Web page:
The Bay Area's Long Road to Post-COVID Recovery
San Francisco, facing a myriad of obstacles, may take the longest among major urban areas to recover from the pandemic.
There has been growing backlash in San Francisco. In February, more than 70 percent of voters recalled three board of education members and in June, voters successfully recalled their District Attorney in what was viewed as pushback to criminal justice reform nationwide. In The Atlantic, one commentary went as far to opine:
There is a sense that, on everything from housing to schools, San Francisco has lost the plot—that progressive leaders here have been LARPing left-wing values instead of working to create a livable city. And many San Franciscans have had enough.
But beyond the political strife, the city has another problem: shifting remote work will likely have an outsized effect on San Francisco’s economy compared to other major U.S. cities.
The Bay Area has long been a hub for tech workers, and as such, many companies have their headquarters or large offices in the area. But with the rise of remote work, that is beginning to change. Salesforce, the largest private employer in the city, has around 10,600 workers — the company now has a standing policy that lets employees decide where they want to work.
As more people move away from the Bay Area, San Francisco is likely to see a decrease in tax revenue. In the main commercial corridor, sales tax revenue was down about 40% in 2020 and 2021 compared to 2019 collections. While the city expects a broader budgetary surplus over the next two years, it recognizes its assumptions carry risks:
The budget assumes an economic recovery will drive tax revenue growth of $557.0 million in FY 2022-23 and $305.9 million in FY 2023-24. While these assumptions track to our economic and financial projections, they are subject to significant uncertainty.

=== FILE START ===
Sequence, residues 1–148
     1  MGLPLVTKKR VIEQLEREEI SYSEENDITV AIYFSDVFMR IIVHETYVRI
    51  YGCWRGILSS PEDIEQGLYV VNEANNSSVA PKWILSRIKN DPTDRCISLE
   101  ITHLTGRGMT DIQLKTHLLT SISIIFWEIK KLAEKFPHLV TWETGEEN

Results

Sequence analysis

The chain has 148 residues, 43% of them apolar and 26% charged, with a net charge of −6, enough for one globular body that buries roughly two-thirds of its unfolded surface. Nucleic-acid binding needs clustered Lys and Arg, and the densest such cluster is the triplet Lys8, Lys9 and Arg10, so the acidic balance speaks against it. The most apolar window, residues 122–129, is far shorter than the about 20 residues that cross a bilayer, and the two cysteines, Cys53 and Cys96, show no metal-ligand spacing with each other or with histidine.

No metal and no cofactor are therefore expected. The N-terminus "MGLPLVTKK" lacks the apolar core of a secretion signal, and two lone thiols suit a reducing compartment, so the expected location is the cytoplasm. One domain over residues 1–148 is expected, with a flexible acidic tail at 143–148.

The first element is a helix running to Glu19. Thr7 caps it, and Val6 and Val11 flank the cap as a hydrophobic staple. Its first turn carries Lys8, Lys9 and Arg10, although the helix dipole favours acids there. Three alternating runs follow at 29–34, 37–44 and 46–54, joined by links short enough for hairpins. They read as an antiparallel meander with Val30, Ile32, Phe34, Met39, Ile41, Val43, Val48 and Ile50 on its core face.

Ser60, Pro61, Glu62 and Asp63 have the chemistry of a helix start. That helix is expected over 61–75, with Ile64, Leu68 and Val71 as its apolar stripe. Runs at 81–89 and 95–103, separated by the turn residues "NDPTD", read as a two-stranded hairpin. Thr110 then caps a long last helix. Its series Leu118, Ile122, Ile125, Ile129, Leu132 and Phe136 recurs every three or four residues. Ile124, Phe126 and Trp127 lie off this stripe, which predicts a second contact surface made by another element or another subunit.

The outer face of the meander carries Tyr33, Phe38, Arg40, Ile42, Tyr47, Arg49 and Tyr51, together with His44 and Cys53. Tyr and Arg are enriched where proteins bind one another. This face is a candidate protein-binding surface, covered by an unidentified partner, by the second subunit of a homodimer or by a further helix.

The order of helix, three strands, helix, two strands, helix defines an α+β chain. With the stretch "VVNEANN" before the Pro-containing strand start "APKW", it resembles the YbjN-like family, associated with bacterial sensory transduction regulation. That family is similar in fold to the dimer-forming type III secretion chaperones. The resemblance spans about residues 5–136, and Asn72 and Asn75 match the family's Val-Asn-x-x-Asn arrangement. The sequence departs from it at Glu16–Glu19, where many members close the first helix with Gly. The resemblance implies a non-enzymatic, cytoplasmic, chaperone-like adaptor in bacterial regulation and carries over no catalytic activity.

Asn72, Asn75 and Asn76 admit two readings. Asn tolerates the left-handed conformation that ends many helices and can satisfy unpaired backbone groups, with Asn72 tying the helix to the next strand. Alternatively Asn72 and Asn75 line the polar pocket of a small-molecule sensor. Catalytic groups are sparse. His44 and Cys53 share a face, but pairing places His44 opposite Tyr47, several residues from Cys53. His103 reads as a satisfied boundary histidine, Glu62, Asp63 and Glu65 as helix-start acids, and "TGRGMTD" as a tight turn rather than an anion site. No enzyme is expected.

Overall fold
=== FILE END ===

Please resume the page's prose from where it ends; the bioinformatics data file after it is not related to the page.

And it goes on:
According to a Pew Charitable Trusts study, continued loss of commuters after the pandemic could lead to a smaller municipal tax base and placed San Francisco among the cities with the greatest likelihood of revenue loss.
San Francisco’s Downtown is Slow to Recover
An alarming story in the SF Chronicle noted, “The downtown area, the city’s primary economic driver, is teetering on the edge, facing challenges greater than previously known.” They cite data from the Controller’s Office that office work was responsible for 72% of the city’s gross domestic product before the pandemic and heavily concentrated in the Financial District, the Market Street corridor, the Embarcadero and Mission Bay.
Bay Area office occupancy is consistently among the lowest of U.S. cities tracked by security company Kastle Systems — only 34% of employees are back in the office in the week ending June 8. According to Cushman and Wakefield, the citywide overall vacancy rate at the end of Q1 2022 was 21.7%, up from 19.9% in Q4 of 2021 and from 18.7% one year ago. The city also faces continued headline risk as recognizable companies relocate or go fully remote.